As a pedagogue, Harvey includes a selection of discussion questions for each chapter and further reading at the end of the book. These are actually good questions, and going through them might be a useful exercise and worth the price of the book.
Mark Blyth and Eric Lonergan: Angrynomics. Agenda Publishing, 2020. £12.35
The economist Mark Blyth and hedge fund manager Eric Lonergan postulate that anger takes two distinct forms, public and private. Public shows itself in protests, strikes and xenophobia (tribal), while private anger shows itself as mental health issues and despair. They assert that policies enacted by most of the current ‘neoliberal’ governments have failed to address this underlying public anger and that that is the main reason for the recent rise in the popularity of right-wing populist governments. The analogy of hardware and software to describe some of the economic mechanisms to support their arguments is unconvincing. Fintan O’Toole’s book, Heroic Failure, provided more convincing arguments for the shift in the public mood away from neoliberal ideology and the rise in nationalism.
There are references to the French economist Thomas Piketty’s Capital and his idea of a wealth tax. However, they never get around to properly criticising his ideas, despite the promise in the text. They introduce their ‘big’ idea of taxing corporations for use of the public’s personal data, and then investing this in the stock market. They estimate a high return of 6 percent invested over a 15-year period, which might seem unlikely given the volatility of the market. This scheme seems more likely to increase commissions for the financial services sector while having no impact on the immediate issue of the huge growth in inequality and the dearth of ‘decent’ jobs, poor public healthcare and lack of social housing.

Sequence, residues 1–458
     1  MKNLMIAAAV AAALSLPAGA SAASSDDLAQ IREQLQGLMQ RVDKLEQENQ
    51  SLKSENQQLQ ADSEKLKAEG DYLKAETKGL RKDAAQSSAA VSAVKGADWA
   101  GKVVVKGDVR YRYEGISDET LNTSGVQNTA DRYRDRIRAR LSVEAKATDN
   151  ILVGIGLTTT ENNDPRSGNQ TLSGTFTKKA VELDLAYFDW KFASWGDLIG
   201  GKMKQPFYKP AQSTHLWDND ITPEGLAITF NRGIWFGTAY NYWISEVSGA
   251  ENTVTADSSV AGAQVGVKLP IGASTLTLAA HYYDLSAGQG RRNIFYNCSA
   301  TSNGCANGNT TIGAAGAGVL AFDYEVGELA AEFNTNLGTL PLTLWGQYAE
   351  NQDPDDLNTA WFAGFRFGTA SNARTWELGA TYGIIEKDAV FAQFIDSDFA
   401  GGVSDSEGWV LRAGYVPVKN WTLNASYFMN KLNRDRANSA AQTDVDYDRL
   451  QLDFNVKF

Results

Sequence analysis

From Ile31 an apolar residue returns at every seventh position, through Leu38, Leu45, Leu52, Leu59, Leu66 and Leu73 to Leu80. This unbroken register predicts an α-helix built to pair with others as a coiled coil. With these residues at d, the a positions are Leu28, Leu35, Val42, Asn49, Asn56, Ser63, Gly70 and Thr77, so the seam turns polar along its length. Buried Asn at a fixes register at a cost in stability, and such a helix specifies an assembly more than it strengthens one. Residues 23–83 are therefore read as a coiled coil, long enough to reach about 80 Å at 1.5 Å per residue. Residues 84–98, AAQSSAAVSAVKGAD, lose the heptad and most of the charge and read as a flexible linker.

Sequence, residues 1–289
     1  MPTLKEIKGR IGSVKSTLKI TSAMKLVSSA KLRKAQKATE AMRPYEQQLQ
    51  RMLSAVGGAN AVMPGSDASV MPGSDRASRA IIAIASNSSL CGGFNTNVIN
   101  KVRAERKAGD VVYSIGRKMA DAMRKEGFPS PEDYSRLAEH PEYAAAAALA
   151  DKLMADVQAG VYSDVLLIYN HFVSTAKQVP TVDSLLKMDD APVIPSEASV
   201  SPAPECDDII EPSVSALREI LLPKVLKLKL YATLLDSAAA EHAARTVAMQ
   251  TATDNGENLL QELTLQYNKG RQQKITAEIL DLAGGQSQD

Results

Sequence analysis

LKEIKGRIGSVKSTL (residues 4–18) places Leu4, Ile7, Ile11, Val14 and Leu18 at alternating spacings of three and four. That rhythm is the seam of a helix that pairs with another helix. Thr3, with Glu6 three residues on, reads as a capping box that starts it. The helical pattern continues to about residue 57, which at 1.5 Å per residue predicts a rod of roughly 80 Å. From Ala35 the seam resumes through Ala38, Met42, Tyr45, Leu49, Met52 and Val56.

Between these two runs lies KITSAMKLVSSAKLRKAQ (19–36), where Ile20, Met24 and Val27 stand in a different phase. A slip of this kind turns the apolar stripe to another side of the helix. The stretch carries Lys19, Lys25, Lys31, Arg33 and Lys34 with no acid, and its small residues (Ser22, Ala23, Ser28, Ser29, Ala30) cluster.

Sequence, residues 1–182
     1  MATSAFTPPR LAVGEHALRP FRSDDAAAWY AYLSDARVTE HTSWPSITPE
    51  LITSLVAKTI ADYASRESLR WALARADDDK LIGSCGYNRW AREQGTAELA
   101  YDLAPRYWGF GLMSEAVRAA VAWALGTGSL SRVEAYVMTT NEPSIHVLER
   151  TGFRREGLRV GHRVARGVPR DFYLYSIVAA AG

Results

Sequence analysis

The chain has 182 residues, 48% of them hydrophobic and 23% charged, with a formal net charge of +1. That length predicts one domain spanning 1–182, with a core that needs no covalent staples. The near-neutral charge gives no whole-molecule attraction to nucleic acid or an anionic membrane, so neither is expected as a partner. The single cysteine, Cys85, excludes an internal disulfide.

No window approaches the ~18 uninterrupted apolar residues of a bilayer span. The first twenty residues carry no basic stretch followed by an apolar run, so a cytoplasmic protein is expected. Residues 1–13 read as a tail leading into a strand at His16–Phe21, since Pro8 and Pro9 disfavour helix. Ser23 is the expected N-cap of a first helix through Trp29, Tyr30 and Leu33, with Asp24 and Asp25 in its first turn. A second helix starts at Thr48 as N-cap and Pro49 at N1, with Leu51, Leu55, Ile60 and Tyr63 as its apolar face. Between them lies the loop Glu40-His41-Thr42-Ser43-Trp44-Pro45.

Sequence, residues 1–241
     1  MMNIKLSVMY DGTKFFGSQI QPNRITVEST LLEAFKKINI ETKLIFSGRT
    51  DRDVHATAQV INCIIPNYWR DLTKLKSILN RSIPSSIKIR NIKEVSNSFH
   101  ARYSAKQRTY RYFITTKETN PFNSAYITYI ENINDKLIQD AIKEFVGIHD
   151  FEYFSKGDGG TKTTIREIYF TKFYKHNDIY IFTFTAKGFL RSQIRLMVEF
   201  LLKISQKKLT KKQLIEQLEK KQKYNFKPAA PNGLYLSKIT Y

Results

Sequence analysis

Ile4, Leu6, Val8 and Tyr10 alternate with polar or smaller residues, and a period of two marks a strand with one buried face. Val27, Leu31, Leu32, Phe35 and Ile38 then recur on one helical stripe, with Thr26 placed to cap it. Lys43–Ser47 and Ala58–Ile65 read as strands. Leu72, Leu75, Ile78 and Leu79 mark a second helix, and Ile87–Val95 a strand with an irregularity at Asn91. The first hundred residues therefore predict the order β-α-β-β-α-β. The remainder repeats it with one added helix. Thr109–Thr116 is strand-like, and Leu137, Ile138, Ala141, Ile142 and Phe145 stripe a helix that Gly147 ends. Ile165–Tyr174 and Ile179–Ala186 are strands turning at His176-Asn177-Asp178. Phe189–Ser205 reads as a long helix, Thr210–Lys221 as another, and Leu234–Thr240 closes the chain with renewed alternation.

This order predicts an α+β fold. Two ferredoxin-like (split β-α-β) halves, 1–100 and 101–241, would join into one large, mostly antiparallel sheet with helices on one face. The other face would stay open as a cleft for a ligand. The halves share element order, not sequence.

The above ideas are just tinkering around with the capitalist system in a classical Keynesian way. They will not prevent the insatiable advance of capital accumulation and the continued rise in inequality and anger of the dispossessed working class.